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An audit of paediatric ambulatory prescriptions
  1. M Baynes,
  2. K Hall
  1. Hammersmith Hospital, Imperial College Healthcare NHS Trust, London


Background Imperial College Healthcare NHS Trust is made up of five hospitals over three different sites. The only paediatric service at the Hammersmith Hospital site is a paediatric ambulatory unit (PAU); all other services are at St. Mary's Hospital. Hammersmith Hospital pharmacy recently raised concerns regarding outpatient prescriptions from PAU:

  • ▸ Prescription numbers had increased and a decrease in FP10HNC (Prescription pad used by hospital outpatient services) reimbursement was reported, coinciding with increased waiting times at pharmacy outpatients. Following this a guideline for FP10HNC prescribing was launched (including an approved generic medicines list).

  • ▸ The issuing of stock discharge pre-packs to PAU had decreased.

  • ▸ Dispensary pharmacists reported that they were often contacting the prescriber (eg, dose rounding) due to the pharmacist's lack of confidence.

Background The aim of this audit was to identify PAU prescriptions coming to Hammersmith Hospital pharmacy to assess if changes could be made to improve the current system. The standards were:

  • 1. 100% of prescriptions should be dispensed within an hour of arrival;

  • 2 None of these medicines should be available as pre-packs;

  • 3 The prescriber should be contacted for no more than 10% of prescriptions;

  • 4 No more than 25% of these medicines should be available on the approved FP10HNC list.

Methods A data collection form was used to prospectively obtain data over 2 weeks. Each form was second checked by a specialist pharmacist to ensure robust results.

Results 140 prescriptions were received and 197 medications prescribed. 26/140 prescriptions were not timed stamped.

  • 1. 89% of prescriptions (102/114) were dispensed within an hour. The average turnaround time was 37 min. 12 prescriptions took over an hour of which 42% arrived during lunchtime and 50% were available as pre-packs.

  • 2. 31% of prescriptions (43/140) could have been completely dispensed on the ward using pre-packs. This would have reduced patient waiting times by a cumulative total of over 24 h, or approximately 33 min per patient.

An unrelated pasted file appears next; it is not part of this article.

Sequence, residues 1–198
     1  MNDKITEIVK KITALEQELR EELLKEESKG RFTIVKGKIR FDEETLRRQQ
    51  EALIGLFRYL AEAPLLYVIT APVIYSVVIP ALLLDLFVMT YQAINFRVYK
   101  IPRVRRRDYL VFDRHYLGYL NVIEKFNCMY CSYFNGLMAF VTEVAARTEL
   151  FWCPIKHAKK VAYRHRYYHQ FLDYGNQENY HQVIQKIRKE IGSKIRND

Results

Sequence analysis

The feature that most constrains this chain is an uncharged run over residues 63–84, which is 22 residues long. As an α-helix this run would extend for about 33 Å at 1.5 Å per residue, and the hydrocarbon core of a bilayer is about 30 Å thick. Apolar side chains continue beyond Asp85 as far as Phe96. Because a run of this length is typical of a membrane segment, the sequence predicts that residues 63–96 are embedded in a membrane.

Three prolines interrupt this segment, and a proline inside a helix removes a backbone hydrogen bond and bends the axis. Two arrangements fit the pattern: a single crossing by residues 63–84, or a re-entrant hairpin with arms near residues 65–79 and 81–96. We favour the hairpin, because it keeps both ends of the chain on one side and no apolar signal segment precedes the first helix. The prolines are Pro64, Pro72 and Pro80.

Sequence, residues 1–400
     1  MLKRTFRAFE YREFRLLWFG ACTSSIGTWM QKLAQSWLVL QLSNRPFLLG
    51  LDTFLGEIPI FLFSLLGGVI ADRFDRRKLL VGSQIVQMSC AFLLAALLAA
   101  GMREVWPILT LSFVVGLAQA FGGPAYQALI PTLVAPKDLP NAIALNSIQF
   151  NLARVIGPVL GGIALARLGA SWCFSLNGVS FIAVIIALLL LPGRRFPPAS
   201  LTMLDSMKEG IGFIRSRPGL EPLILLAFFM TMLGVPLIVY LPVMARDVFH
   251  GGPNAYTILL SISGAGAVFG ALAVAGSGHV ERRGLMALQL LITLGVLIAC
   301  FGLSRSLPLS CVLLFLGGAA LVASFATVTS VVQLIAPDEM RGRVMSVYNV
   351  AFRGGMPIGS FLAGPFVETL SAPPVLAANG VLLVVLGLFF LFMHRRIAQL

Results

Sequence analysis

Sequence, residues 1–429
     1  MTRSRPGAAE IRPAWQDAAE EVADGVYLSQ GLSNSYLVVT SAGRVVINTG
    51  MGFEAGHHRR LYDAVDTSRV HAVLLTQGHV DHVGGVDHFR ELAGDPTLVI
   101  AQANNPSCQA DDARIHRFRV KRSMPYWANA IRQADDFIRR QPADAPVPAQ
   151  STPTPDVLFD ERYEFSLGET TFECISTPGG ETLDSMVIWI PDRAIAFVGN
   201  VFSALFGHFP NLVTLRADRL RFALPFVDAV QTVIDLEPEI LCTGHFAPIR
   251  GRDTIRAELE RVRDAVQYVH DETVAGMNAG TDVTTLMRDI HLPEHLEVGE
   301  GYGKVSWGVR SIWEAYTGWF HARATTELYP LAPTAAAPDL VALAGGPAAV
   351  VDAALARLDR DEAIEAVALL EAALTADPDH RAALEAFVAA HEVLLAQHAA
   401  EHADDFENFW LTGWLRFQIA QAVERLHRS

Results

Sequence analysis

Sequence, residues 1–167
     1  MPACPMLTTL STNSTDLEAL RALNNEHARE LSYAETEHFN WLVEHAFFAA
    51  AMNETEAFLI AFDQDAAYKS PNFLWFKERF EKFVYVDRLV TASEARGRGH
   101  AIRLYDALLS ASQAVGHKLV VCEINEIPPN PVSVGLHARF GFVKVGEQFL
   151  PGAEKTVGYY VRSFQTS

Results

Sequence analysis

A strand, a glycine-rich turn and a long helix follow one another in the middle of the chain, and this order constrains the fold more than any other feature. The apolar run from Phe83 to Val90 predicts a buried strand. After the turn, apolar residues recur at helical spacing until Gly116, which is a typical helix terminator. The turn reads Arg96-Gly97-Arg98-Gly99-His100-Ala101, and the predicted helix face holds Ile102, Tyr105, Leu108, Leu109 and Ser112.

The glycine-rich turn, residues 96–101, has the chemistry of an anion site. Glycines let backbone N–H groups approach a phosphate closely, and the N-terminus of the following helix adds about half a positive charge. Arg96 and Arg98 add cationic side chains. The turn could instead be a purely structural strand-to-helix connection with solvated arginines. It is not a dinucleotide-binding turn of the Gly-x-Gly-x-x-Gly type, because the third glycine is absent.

• 3. 12% of prescriptions (17/140) included evidence of a prescriber being contacted.

  • 4. 76% of medicines (150/197) were on the approved FP10HNC list.

Results 46% of medicines were anti-infectives; amoxicillin was commonly prescribed which is not in line with antibiotic usage at St. Mary's Hospital.

Conclusions These results highlight that the use of pre-packs and FP10HNC prescriptions is not being optimised which may affect patient experience. The limitations of this audit are that not all prescriptions were timed in and out and that 1 week of the audit coincided with school holidays. The recommendations are:

  • ▸ Adherence to antibiotic policies should be assessed.

  • ▸ The appropriate use of FP10HNC prescriptions should be encouraged during training and education sessions.

  • ▸ Prescriptions for non-urgent medicines should be referred to the patient's General Practitioner (GP) where appropriate.

  • ▸ The advantages of pre-packs should be re-highlighted through nursing training sessions.

  • ▸ The pre-packs available, and their labels, should be reviewed to ensure they are fit for purpose.

  • ▸ These results should be presented to PAU to form part of ongoing projects aiming to determine why parents come to PAU rather than their GP.

  • ▸ Re-audit when changes have been made.

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